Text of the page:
Do you need an image stabilising lens as well as in-body stabilisation?
Many camera bodies come equipped with image stabilisation (IBIS). Similarly, most high-end lenses also come with optical image stabilisation (IS). So what happens then if you use a body with IBIS coupled with an image-stabilising lens? Do you even need both or does one cancel the other out? And is it worth paying extra for the lenses with IS?
If you’re confused by this conundrum then David Bergman via Adorama has come to your rescue. David answers the question about whether you even need to spend extra money on an image stabilising lens if you have a camera body with built-in stabilisation.
“I just upgraded to the Canon R6 body, which has In Body Image Stabilization, or IBIS,” asks the viewer. “What’s the difference between that and the optical stabilization on a lens? Do I really need both, or can I buy the less-expensive lens without IS?”
It’s a really good question and David has some great information. David starts off by talking about eliminating motion blur. By this, he means unwanted motion blur, more commonly referred to as camera shake. The old rule of thumb was to use a shutter speed roughly double that of the focal length of the lens.
Optical image stabilisation
David explains that the lens image stabilisation works a little bit like the suspension on a car. The lens aims to neutralise any tiny movements that might occur. And of course, it does only work with subtle movements.
Lens manufacturers will often say how many stops of lens correction the image stabilisation will correct. So 5 stops of correction means that you can shoot 5 stops slower in terms of shutter speed than you could have otherwise. So for example, if you usually shoot at 1/125 then that means you could feasibly shoot at 1/4 sec instead.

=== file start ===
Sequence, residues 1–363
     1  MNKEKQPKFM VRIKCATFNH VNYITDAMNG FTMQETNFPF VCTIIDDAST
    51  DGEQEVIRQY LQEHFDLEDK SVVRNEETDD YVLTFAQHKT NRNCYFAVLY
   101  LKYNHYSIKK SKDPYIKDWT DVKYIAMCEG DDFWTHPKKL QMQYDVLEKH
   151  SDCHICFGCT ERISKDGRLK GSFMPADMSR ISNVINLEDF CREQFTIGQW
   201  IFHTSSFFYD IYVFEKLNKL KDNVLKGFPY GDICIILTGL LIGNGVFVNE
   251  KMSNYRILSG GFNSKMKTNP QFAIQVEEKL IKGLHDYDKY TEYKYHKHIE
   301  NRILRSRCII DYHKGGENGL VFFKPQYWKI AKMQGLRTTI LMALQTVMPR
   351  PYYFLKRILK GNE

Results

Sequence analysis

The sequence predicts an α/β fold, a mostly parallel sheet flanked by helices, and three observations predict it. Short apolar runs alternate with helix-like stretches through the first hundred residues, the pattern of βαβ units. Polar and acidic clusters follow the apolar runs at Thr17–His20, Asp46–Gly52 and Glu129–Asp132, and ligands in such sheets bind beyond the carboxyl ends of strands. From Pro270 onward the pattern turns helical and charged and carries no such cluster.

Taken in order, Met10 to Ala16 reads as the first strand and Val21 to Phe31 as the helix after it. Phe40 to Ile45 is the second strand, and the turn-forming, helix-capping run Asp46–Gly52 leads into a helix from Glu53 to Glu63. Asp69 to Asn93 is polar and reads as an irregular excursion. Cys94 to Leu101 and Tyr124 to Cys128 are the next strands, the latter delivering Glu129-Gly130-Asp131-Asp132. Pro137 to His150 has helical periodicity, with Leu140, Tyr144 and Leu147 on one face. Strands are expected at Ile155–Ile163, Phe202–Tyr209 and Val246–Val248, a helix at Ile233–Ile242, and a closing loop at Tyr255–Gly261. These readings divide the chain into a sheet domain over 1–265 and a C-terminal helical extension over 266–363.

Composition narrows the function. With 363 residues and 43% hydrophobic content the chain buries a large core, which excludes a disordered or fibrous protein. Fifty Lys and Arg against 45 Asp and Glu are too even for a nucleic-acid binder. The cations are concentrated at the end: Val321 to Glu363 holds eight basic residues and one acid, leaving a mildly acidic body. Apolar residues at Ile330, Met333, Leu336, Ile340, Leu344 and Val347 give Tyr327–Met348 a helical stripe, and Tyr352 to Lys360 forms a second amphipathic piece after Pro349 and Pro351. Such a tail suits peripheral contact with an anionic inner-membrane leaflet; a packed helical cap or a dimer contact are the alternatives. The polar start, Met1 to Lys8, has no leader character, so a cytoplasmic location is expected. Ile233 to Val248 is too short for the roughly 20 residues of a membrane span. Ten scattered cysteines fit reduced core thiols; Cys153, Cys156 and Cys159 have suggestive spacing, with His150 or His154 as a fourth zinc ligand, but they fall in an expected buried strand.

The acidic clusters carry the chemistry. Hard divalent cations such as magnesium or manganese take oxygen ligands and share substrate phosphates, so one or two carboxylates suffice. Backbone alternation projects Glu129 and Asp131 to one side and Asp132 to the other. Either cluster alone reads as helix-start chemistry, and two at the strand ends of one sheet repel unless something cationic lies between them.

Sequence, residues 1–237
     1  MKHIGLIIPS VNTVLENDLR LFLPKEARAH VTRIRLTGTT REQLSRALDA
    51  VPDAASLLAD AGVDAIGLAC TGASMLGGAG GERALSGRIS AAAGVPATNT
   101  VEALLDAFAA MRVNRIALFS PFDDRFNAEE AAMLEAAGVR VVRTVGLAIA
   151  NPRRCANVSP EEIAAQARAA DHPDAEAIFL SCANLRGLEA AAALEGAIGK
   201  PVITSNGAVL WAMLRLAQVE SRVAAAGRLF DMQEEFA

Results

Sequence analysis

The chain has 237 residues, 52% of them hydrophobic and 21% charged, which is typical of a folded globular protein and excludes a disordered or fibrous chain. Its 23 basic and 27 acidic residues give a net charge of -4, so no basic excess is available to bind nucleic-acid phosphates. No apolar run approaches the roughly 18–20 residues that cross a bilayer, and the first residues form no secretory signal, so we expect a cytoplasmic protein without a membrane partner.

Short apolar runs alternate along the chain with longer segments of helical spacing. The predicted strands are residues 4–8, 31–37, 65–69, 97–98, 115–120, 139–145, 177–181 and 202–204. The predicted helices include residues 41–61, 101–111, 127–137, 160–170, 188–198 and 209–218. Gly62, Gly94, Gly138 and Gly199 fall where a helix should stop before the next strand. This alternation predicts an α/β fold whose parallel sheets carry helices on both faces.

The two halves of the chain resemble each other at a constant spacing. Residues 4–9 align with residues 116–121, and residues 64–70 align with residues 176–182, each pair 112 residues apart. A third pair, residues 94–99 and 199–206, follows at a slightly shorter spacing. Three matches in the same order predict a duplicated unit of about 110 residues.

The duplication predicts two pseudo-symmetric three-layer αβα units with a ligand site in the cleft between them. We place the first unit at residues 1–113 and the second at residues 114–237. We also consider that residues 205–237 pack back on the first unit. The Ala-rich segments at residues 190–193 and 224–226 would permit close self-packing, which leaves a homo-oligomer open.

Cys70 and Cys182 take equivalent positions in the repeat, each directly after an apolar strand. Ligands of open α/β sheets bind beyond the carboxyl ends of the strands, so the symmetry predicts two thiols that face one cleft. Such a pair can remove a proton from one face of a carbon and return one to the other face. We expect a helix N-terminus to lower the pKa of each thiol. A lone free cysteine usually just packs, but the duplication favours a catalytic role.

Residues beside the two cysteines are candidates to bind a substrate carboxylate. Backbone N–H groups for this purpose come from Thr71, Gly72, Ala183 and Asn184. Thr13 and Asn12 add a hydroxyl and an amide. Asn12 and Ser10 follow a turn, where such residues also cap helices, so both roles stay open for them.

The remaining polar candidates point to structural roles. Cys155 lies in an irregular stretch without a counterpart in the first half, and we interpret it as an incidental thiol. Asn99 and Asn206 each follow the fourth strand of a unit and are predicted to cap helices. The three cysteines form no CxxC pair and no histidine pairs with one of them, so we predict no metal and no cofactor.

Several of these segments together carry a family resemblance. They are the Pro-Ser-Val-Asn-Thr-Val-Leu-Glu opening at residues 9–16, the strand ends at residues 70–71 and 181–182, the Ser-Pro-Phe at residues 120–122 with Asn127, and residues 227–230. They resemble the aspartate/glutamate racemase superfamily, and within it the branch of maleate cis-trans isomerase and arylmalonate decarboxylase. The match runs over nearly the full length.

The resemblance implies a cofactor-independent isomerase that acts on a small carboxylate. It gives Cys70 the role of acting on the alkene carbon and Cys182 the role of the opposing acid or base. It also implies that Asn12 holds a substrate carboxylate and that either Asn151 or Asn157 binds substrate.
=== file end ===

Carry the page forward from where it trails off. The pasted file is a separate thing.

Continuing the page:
The newer mirrorless cameras come with in-body image stabilisation or IBIS for short. This works by moving the imaging sensor to compensate for any movement. The Canon cameras with IBIS are certainly designed to work in consort with the optical image stabilisation of the lenses. Certain combinations can give you up to 8 stops of shake correction. That’s quite considerable, particularly the longer the lens you’re using.
One interesting point that David makes is that optical stabilisation helps most with long lenses whereas IBIS works best on wide-angle lenses.
Do you need both?
So back to the question: is it necessary to have both? Well, the simple answer is no, not if you’re only shooting stills. Photographers managed for years without any kind of image stabilisation, aside from a tripod.
However, embracing new technology can often open up new ways of working that otherwise weren’t available. It’s not about being lazy but giving yourself every possible advantage. Again it does depend on what you shoot. If you shoot sports at very fast shutter speeds in full daylight then it likely won’t make a huge difference. If you regularly shoot in low light with long lenses then the ability to shoot 5 or even 8 stops of light slower could be a wonderful advantage.
Personally, I have really shaky hands and I can’t shoot slower than 1/80 even with a plain old nifty fifty. Any extra help is welcome to me! Whats the slowest you can shoot handheld?
Alex Baker is a portrait and lifestyle driven photographer based in Valencia, Spain. She works on a range of projects from commercial to fine art and has had work featured in publications such as The Daily Mail, Conde Nast Traveller and El Mundo, and has exhibited work across Europe